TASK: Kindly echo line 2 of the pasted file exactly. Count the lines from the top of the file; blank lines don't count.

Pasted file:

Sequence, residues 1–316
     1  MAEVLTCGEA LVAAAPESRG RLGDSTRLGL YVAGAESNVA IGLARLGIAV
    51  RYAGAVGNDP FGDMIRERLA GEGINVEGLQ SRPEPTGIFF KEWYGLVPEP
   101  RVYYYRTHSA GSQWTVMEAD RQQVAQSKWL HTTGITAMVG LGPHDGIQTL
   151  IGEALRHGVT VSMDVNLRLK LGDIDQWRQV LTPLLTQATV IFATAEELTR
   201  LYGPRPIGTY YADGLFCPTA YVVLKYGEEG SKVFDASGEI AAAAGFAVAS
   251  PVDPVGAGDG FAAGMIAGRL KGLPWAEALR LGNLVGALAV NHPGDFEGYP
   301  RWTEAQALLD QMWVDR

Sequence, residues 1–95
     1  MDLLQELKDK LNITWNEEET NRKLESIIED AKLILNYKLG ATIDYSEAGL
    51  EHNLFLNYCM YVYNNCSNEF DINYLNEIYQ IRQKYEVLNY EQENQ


     1  MAEVLTCGEA LVAAAPESRG RLGDSTRLGL YVAGAESNVA IGLARLGIAV